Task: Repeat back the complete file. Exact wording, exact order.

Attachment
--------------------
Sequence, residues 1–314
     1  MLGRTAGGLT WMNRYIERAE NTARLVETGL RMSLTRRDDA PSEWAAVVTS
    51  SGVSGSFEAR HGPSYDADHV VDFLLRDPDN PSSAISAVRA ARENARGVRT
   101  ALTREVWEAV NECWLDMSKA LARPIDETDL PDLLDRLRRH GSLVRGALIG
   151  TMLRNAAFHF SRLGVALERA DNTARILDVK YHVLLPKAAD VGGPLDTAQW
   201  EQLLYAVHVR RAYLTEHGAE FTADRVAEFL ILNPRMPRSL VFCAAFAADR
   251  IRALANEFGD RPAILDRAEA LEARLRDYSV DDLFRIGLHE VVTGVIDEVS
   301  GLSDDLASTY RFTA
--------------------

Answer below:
Sequence, residues 1–314
     1  MLGRTAGGLT WMNRYIERAE NTARLVETGL RMSLTRRDDA PSEWAAVVTS
    51  SGVSGSFEAR HGPSYDADHV VDFLLRDPDN PSSAISAVRA ARENARGVRT
   101  ALTREVWEAV NECWLDMSKA LARPIDETDL PDLLDRLRRH GSLVRGALIG
   151  TMLRNAAFHF SRLGVALERA DNTARILDVK YHVLLPKAAD VGGPLDTAQW
   201  EQLLYAVHVR RAYLTEHGAE FTADRVAEFL ILNPRMPRSL VFCAAFAADR
   251  IRALANEFGD RPAILDRAEA LEARLRDYSV DDLFRIGLHE VVTGVIDEVS
   301  GLSDDLASTY RFTA